Statement responding to BBC’s article: “Breakthrough blood test for serious brain injuries” from Friday, the 29th of July 2016, by David Gregory-Kumar
Charity welcomes brain injury break through
Following Friday’s breakthrough news on the new brain injury detection technology developed at the Queen Elizabeth Hospital, we would like to congratulate those from Alta Innovations and the University of Birmingham on the fantastic, lifesaving success they have announced.
The early detection of serious brain injury might prevent further damage to the brain and avoid circumstances such as severe acquired brain injury and even death. Although the project is expected to not be completed for another 3 years, when the technology will be suitable to be transported at the location of the accident, it brings hope for better chances of survival, as well as for better recovery.
“We are hopeful that early detection of brain injury will not only mean a better quality of life for the individual, but also a shorter amount of time lapsing between critical stages of the recovery process”, said Mel Akers, Chief Executive of Headway Worcestershire, a local charity supporting people with brain injury. “We receive many referrals of people with brain injury from the QE Hospital, and we are hopeful that the new equipment will allow us to support even more people who need us, in the future” continues Mel.
There are many examples of individuals not recognising the injury themselves. The tragic case of actor, Natasha Richardson is often quoted. She fell whilst skiing, initially laughed the incident off, but died two days later. There are also examples of unrecognised head injuries by medical staff as the symptoms vary enormously. Often for those who survive such brain injury, the story is sadly similar to others’. Dave Bowes was in a car crash which resulted in multiple brain injuries.: “I didn’t get diagnosed for four and a half years, even when you know that something’s wrong immediately. 2 days later [after the accident] I collapsed in the GP surgery. Couldn’t talk, couldn’t walk. Took me 3 months to be able to walk again, talking was probably around the same time, reading was about 18 months […]”, says the Team GB Paralympic Climber in a video interview for Headway UK: https://www.youtube.com/watch?v=CB8FNhjEjcY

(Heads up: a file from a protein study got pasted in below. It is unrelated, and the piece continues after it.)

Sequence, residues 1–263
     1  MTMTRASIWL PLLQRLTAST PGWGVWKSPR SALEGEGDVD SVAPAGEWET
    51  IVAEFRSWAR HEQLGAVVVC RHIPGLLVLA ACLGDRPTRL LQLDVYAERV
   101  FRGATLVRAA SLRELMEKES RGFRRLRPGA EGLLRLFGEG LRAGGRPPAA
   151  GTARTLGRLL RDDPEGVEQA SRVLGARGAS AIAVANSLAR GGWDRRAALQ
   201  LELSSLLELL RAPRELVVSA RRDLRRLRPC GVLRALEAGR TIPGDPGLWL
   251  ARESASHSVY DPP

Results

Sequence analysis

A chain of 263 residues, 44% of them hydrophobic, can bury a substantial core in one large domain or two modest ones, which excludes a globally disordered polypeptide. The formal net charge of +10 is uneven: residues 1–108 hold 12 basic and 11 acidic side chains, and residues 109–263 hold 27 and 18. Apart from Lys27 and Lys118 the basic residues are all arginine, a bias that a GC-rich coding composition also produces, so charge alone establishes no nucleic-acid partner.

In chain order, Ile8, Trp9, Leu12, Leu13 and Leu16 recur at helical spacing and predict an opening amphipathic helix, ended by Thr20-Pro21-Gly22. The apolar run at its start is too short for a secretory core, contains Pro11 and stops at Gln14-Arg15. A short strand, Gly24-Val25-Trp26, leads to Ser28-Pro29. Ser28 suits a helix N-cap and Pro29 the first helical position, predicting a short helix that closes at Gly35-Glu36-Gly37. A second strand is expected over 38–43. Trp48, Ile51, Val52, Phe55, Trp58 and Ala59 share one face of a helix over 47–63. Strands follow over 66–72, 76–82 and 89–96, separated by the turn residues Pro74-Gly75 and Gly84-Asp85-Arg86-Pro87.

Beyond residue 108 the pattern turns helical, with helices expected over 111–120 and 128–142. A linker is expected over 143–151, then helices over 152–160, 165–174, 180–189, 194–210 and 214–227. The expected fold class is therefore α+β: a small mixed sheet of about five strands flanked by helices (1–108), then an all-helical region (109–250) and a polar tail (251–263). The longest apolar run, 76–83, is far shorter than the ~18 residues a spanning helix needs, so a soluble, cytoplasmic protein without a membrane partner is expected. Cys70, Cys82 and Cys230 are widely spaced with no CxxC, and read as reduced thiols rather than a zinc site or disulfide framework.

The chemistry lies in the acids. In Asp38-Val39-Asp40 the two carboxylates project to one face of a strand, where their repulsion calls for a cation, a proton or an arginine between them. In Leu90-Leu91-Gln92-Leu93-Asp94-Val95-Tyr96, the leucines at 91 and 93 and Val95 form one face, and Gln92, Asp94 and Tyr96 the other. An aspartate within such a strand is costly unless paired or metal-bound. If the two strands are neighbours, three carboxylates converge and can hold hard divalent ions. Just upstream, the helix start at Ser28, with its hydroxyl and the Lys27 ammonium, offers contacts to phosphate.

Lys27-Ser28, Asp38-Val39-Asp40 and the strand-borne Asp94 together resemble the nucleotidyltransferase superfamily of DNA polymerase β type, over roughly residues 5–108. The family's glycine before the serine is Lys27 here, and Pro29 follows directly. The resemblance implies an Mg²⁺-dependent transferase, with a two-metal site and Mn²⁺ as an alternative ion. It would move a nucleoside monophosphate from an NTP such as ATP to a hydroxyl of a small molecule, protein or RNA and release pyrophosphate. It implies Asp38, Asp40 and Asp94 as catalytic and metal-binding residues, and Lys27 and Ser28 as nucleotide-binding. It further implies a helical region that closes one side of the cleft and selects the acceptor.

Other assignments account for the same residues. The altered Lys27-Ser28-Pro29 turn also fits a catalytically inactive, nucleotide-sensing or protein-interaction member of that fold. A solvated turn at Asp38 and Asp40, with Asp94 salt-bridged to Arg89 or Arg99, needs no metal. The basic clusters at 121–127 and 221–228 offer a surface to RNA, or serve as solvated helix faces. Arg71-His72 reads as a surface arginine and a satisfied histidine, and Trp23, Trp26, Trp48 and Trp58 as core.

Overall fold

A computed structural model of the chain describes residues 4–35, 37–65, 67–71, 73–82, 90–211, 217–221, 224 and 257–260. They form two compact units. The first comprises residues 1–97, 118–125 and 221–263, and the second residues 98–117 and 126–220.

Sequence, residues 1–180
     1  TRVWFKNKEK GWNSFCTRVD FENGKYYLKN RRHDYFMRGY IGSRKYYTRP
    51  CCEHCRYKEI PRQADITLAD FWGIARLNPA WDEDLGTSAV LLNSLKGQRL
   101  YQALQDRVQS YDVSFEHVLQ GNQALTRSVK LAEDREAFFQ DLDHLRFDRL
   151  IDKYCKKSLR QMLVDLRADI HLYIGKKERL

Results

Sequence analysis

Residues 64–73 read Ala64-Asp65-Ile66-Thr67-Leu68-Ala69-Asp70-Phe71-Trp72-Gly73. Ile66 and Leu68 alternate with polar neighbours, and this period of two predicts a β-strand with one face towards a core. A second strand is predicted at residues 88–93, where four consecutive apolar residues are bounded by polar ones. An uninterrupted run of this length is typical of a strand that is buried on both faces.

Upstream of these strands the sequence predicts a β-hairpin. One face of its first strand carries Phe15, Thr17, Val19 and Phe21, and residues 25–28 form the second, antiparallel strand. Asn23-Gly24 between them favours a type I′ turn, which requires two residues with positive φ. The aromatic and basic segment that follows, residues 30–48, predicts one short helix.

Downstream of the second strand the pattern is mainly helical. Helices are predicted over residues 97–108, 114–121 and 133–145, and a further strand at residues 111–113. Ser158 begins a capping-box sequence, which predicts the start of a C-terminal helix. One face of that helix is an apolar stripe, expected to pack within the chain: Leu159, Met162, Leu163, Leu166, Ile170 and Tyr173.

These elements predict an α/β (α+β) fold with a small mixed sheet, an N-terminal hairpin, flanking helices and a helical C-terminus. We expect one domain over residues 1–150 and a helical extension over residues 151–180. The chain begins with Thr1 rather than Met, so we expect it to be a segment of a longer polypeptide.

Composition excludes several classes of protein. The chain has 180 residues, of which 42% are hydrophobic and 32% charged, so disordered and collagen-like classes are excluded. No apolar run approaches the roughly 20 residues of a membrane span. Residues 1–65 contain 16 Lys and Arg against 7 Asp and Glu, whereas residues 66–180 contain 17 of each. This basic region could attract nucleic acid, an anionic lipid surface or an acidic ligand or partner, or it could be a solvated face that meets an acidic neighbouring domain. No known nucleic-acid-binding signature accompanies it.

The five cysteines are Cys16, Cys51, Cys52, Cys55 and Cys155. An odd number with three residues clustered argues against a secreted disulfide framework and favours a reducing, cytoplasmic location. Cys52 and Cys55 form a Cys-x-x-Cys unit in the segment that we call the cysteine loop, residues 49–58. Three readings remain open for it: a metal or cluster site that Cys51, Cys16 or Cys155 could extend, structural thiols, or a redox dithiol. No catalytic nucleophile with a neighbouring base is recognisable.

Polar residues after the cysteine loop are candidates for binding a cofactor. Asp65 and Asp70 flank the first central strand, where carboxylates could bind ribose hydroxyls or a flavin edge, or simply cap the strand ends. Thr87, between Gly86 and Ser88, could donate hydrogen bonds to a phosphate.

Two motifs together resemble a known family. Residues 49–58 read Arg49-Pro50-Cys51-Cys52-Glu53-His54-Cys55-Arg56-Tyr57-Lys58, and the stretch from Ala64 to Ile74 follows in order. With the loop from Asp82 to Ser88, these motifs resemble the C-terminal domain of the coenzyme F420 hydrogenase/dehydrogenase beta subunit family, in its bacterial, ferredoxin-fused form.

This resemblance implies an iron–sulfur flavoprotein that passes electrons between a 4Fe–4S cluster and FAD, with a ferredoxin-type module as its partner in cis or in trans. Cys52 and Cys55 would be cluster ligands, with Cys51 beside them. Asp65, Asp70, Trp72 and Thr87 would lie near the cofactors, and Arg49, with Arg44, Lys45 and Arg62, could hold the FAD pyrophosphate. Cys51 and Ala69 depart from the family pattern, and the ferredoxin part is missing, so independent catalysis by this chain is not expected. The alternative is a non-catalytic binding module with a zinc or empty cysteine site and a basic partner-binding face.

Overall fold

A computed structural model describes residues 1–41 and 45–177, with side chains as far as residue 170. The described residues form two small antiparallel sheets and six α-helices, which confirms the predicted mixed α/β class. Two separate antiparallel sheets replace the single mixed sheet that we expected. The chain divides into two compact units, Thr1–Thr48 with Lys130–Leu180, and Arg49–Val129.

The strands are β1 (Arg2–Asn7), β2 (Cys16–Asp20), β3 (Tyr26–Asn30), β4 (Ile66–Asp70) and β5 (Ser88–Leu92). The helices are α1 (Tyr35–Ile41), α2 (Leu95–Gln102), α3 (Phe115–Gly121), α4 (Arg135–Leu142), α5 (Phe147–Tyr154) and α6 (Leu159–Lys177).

Once a person with a brain injury is medically stable and any physical injuries have been treated, they may be ready to be discharged from the hospital, or ‘acute care’ setting. However, many of these individuals are likely to experience complex, longer-term conditions, cognitive and behavioural problems, which require a period of rehabilitation and are often overlooked by medical professionals.
There are limited resources devoted to rehabilitation with waiting lists of up to 6 months for neuropsychology and a month to 6 weeks for occupational and/or speech and language therapy, if the GP or consultant refers to these separate disciplines in the first place.
Dave continues, “They pumped me full of drugs for 3 years… and eventually after 3 years they said “well, we’ve tried every possible drug concoction, there’s a chance it might be brain damage, we can go and get you to get you tested out”.
The disjointed process of referrals involving rehabilitation for people with traumatic brain injury (TBI) has been recognised by the Advances in Clinical Neuroscience and Rehabilitation (ACNR) as being an issue throughout the UK, due to the amount and complexity of needs, combined with the professions, sectors and specialities of the services needed, provided by individual bodies, issue often resulting in delayed and inappropriate referrals.
“At a time when the National Health Service budgets are facing severe pressures it is essential that their resources are well targeted and used efficiently. This is why this new technology is so important. It is vital to think of the pathway of a person with brain injury in a holistic fashion, accounting not only for the acute trauma units, but also for the rehabilitation process both during hospital and after, as well as the community support services. “
It is recognised that adult social care services face even greater financial pressures than the NHS. “We are aware of lengthy pathways that people diagnosed with brain injury will face, and the pressure misdiagnosed patients will face, such as inappropriate or unspecialised care and treatments resulting to a lowered quality of care. This further puts pressure on statutory services which are unable to combat the underlining issue, drawing human and financial resources away from where they can actually make a difference, whilst the problem ramifies.”, continues Mel.
For example numerous studies have shown almost 50% of the offender population have at some point in their life suffered a brain injury. This is often undetected but could explain some offending behaviour as a result of disinhibition that is one of the potential symptoms of a brain injury.
Mel concludes “We always welcome medical advances and Worcestershire residents are fortunate to have a superb major trauma unit like the Queen Elizabeth. However, as detection and survival rates improve, investment in community based recovery services have not kept up. Only the other day a frustrated carer asked me “Why spend all this money on saving my husband’s life, when he is denied a life after discharge from hospital?””